Bonin declined to identify the local investors at this time. "They're definitely in," he says. "We just have to sign the papers."
Originally from Bastrop, Bonin spent summers in Lafayette with his father. He has 15 years of experience in the restaurant business, most recently serving as general manager of Lava Room, a Spanish tapas bar that opened in downtown Baton Rouge in mid-2005 but closed shortly after Hurricane Katrina. (Lafayette's Tsunami Sushi sisters Michele Ezell and Leah Simon were minor investors in Lava Room.)
Bonin says the influx of evacuees and unsubstantiated rumors of a subsequent crime wave in Baton Rouge discouraged people from patronizing downtown establishments. "It was totally blown out of proportion, but people were petrified to go downtown," he says, "even my friends."
The 35-year-old entrepreneur says he was attracted to Lafayette's culturally diverse community. "We hope to accomplish something that is brand new to Lafayette, which I know is what everyone says," quips Bonin, explaining that a unique feature of Boco on the Parc will be its 1,000-square-foot terrace. The restaurant will serve lunch and dinner and plans to double as a club, catering to a late-night crowd with eclectic music and a limited menu of hors d'oeuvres.
The terrace is part of a second floor addition to the existing structure. The restaurant will occupy 5,250 square feet on the first and second floors and is being designed by Lafayette architect David Courville.
Bonin is not planning to relocate to Lafayette. He hopes the concept takes off and would like to eventually expand it to Baton Rouge and Shreveport. "But I'll pretty much be in Lafayette for the next year," he says.
Russo Ad Group purchased the building in January 2006 and completed its renovation last May. The 7,472-square-foot building also houses Gallery R, where the agency displays art for ArtWalk and related special events downtown.
Champion buys Versailles Centre
In mid-February Champion Real Estate Services, which took over management of downtown Lafayette's Versailles Centre office building in July 2005, purchased the approximately 140,000-square-foot building for $8.15 million. When it was negotiating to take over management more than a year ago, Champion planned to work with the landlord, S&A Properties II of Baton Rouge, to return Versailles Centre to its original office space standing. ("Downtown Versailles Centre plans to regain Class A status," July 27, 2005). Class A is the city's premier office space classification.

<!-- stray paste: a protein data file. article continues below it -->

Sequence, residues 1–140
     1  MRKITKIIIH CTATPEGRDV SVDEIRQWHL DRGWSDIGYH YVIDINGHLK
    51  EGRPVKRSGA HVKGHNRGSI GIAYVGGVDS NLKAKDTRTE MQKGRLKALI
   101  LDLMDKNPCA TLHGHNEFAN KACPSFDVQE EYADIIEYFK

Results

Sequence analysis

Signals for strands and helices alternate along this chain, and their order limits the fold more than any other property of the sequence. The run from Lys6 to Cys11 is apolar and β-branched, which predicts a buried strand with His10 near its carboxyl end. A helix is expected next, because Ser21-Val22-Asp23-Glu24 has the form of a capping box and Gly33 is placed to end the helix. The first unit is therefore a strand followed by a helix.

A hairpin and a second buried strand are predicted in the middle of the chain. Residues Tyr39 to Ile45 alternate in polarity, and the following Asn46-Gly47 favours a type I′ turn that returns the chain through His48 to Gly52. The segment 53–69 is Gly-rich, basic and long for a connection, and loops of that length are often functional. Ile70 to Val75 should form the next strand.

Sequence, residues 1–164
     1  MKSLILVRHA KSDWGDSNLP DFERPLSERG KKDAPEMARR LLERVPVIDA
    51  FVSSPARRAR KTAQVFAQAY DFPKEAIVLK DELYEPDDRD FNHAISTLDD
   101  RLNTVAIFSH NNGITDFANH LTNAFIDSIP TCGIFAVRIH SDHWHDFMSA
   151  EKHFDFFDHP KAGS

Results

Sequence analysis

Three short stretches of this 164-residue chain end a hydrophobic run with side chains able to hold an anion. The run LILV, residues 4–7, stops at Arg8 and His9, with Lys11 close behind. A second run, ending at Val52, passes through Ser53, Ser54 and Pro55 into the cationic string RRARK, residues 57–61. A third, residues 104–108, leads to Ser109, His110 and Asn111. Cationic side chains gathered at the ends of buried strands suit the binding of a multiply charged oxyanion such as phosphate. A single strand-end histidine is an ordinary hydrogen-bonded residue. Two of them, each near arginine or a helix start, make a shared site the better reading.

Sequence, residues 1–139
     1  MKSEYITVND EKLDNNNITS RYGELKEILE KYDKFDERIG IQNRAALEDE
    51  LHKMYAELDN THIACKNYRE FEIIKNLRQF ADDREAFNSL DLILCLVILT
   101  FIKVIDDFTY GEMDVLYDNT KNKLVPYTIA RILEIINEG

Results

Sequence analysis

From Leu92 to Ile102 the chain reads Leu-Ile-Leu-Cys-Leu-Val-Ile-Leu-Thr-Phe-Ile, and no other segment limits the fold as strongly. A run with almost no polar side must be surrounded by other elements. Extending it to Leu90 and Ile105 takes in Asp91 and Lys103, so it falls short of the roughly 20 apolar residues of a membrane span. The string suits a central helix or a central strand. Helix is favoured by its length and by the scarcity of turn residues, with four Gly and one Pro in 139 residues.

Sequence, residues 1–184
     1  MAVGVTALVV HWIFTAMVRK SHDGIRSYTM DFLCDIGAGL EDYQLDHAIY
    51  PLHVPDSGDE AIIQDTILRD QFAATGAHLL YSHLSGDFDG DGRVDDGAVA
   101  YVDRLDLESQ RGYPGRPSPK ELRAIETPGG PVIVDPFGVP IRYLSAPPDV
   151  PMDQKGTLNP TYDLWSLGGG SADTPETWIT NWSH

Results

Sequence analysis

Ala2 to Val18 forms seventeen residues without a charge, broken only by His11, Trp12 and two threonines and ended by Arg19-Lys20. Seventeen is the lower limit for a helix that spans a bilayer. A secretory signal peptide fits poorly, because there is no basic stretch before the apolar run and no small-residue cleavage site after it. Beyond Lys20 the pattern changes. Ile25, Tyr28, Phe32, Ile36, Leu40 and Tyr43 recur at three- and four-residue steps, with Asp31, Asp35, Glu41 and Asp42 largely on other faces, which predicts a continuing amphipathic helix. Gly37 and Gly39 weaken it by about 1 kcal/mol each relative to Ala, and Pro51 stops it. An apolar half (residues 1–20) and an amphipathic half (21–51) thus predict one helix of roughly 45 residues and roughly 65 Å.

But the building owner's death left his heirs ' who have no real estate experience ' antsy about the investment. That's when Champion's principals, doing business as Champion Real Estate Equities VII LLC, stepped up to the plate. "This is what we do," says Champion owner Glen Richard. "We do it everyday and understand the risk. This building had the reputation of being the nicest building in downtown, and when we finish it will be that again."
Before striking the deal with S&A, however, Richard secured a new 10-year lease with the building's primary tenant, MidSouth Bank. With the additional square footage the bank is leasing on the fifth floor, it will occupy a third of the building. About 27,000 square-feet of space ' half of the fifth floor and all of the sixth floor (a large portion of the space that was leased by the Onebane Law Firm before its move to River Ranch) ' is still available for lease. Richard says this large block is potentially a major selling point. "We consider that a real opportunity," he says.
A number of attorneys, including Preis, Kraft & Roy law firm, along with the FBI, Federal Public Defender's office and MCI are also housed in the building.
Richard says space in Versailles Centre, located across from Cathedral Carmel School, is now leasing for $15 to $16 a square foot. "And we expect the rates to go up." He says new office construction just about anywhere in the city is renting for $26 to $28. Other than a couple of office complexes in River Ranch, the 20-year real estate veteran doesn't see much new office construction on the horizon, a factor he believes will create more demand for existing Class A buildings. "We hope to see the rental rates for Class A push 20 bucks," Richard says.
Champion is investing $1.7 million in the building this year. "That will bring us a long way, but we expect to be investing capital over the next couple of years to much smaller degrees," says Mike Matherne, a Champion partner who serves as director of marketing and leasing. The company is upgrading and replacing much of the heating, ventilating and air-conditioning system, adding high-speed elevators, and is renovating the common areas and bathrooms of the 25-year-old building. Versailles Centre was constructed by the late Herbert Heymann for about $8.5 million, says architect Jim Ziler, who was part of the original architectural team and is heading Champion's renovations.
Contracts for the work are being signed this week, according to Matherne, who says the renovation and upgrades should be completed within a year.